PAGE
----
Title: Girl With The Dragon Tattoo
Directed by: David Fincher
Starring: Daniel Craig, Rooney Mara, Christopher Plummer, Stellan Skarsgård, Elodie Yung
Genres: Adaptation, Drama, Thriller
Running Time: 2 hours. 40 minutes
Release Date: December 21st, 2011
MPAA Rating: R
Review: I loved the books, as well as the original Swedish movie adaptation (read my review here), so it was with some trepidation that I watched the Hollywood-ized adaptation.
And Fincher's version of 'The Girl With The Dragon Tattoo' is good. The script has been altered quite a bit, some for the better, and some for the worse. I did really enjoy the fact that they still filmed it in Sweden (which happens to be my home country), but that may be my own bias, since several people I went with specifically mentioned this as one thing they didn't like.
Personally, my biggest gripe with the remake is Lisbeth herself. In the Swedish version, this character is brought to life in one of the most authentic performance I've seen in a while. Noomi Rapace climbed into this fictional character, and basically lived as Lisbeth Salander for 3 years, while filming the trilogy. She IS Lisbeth.
Here, we get to see the Hollywood version of Lisbeth, and it is a stark contrast. While they look very similar, this Lisbeth is more surface, less substance. Instead of showing us who she is, she tells us. Instead of the quiet threat of Rapace's Lisbeth, we here have a Lisbeth who screams in people's faces to show her aggression. At the same time, the fragile vulnerability of Rapace's Lisbeth is absent in Mara's Lisbeth, and the space left behind is stuffed with stereotypical clichés. While the Swedish Lisbeth would never care if Michael sees someone else, the Hollywood Lisbeth is miffed and jealous, something that doesn't quite gel with this emotionally detached character. Furthermore, I wish the dragon would have been left alone. I much preferred it when it ripped it's way out of Lisbeth's entire body, instead of the small dragon on her shoulder we see here. The change is quite telling.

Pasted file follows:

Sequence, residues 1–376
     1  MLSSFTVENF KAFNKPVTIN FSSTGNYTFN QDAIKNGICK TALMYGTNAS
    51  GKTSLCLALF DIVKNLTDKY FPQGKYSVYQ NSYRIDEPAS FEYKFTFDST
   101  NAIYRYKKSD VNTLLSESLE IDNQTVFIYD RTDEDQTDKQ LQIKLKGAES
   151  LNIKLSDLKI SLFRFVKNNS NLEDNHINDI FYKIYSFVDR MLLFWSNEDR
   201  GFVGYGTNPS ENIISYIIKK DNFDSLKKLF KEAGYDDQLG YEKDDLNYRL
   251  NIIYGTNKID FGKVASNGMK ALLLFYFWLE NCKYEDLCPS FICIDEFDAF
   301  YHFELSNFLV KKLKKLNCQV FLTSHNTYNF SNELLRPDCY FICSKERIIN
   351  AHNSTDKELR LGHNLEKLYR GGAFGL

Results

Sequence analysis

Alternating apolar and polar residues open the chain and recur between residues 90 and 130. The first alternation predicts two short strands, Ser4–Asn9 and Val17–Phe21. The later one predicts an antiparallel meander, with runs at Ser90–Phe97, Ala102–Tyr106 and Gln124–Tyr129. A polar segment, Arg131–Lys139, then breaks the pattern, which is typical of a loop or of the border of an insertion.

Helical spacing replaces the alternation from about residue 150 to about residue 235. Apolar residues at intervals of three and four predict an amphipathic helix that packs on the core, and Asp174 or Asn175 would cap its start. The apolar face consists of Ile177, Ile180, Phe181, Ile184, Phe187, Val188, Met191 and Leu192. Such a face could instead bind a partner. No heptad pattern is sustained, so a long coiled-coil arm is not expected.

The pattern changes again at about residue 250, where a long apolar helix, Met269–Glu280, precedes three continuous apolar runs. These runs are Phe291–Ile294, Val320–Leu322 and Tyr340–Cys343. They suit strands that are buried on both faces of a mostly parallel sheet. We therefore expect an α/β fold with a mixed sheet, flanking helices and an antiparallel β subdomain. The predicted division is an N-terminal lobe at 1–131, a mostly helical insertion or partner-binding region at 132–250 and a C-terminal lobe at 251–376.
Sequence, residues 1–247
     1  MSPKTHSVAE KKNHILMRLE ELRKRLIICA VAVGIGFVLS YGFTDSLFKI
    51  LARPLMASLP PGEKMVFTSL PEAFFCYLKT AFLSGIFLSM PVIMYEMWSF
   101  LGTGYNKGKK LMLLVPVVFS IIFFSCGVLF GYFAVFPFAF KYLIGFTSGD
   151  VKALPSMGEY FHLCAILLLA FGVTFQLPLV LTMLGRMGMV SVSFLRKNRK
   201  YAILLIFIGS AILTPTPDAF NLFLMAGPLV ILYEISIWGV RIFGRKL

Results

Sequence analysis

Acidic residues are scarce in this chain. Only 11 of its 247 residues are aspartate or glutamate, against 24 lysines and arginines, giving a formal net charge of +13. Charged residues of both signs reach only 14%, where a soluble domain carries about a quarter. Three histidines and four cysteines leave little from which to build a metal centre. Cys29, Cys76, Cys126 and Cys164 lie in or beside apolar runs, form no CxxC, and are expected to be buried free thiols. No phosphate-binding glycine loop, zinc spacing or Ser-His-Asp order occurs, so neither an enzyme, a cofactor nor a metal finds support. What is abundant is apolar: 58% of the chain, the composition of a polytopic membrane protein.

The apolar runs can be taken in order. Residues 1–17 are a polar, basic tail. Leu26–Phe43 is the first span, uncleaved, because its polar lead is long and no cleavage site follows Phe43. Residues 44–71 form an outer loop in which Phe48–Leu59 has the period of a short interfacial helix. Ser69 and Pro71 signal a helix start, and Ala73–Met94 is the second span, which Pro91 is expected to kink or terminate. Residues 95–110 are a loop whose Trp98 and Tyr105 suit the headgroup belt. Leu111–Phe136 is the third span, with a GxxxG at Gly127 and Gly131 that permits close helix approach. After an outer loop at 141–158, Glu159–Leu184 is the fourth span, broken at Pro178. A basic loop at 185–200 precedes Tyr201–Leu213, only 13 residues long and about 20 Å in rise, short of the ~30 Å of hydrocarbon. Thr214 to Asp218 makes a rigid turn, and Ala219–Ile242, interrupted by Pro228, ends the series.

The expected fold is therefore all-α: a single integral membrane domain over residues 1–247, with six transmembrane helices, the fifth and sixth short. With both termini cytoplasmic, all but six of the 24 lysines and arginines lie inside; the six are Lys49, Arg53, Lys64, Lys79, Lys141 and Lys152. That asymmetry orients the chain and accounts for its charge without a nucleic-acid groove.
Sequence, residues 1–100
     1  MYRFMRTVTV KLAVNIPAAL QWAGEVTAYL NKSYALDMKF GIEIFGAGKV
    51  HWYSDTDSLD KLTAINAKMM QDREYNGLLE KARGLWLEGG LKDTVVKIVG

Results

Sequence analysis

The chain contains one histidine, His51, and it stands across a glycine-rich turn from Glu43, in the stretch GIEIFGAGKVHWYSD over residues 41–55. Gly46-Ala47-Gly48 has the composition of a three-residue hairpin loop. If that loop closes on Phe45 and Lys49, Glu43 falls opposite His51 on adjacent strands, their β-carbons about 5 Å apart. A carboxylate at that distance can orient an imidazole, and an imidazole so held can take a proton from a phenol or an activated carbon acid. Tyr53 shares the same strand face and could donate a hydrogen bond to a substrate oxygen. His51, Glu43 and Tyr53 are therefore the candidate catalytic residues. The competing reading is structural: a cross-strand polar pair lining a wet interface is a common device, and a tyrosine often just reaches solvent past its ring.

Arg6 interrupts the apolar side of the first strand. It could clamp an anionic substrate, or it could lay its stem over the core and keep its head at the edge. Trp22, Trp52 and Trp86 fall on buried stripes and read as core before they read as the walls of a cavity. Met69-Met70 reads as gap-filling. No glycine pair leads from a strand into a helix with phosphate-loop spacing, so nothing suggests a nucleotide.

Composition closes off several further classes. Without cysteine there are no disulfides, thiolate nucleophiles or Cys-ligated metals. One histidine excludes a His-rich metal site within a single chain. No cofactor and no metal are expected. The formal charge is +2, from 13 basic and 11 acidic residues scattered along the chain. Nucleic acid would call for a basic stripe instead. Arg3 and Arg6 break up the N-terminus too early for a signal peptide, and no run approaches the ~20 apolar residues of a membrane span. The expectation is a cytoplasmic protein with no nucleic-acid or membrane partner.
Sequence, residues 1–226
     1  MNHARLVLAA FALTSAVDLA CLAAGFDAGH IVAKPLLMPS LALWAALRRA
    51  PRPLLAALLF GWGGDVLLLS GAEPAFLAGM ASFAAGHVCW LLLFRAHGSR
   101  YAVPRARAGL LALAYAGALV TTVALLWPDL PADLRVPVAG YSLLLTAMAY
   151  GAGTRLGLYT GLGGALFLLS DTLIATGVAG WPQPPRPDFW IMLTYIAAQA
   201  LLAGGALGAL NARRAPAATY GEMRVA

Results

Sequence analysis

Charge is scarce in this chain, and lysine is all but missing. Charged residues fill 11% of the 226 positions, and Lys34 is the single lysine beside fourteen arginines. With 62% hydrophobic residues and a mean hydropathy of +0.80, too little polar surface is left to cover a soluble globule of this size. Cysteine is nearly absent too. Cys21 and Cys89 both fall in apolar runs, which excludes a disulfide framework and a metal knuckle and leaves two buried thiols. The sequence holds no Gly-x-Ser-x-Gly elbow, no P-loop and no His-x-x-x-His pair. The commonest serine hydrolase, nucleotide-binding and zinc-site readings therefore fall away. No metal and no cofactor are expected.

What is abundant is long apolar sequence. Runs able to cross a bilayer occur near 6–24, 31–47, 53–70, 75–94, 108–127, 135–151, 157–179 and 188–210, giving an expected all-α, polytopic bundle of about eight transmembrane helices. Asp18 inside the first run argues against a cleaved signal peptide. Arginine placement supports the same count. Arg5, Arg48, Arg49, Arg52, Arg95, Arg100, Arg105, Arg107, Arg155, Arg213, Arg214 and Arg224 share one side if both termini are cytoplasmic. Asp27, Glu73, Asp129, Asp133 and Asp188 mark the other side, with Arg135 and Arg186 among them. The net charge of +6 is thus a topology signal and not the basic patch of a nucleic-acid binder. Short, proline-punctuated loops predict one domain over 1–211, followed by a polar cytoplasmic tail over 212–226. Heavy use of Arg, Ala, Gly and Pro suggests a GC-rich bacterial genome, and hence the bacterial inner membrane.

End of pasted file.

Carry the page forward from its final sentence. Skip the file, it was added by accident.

That is not to say that Mara's version is weak. Far from it. If hers was the only portrayal of this character, it would be a very strong performance. However, as it is, the original portrayal was better. I do hope, as the remake trilogy continues, that Mara brings some more substance to her version of Lisbeth.
The strength of the American version, much to my surprise, is Daniel Craig. His performance as Mikael Blomqvist is excellent. It's one of, if not the, best performance of his career. I find myself looking forward to where he will take this role in the following two films. Well done, Mr. Craig.
The Swedish films are raw, with a typically Swedish starkness, and every scene brings the story forward. The Hollywood version is more jagged, at some moments very much so. Some bits of the story have been scrambled for "movie making reasons", so fans of the book series will be surprised here and there. While it may be unfair to judge a remake film against its predecessor, so is the life of a remake. All in all, though, this version is a good film, and definitely worth a watch.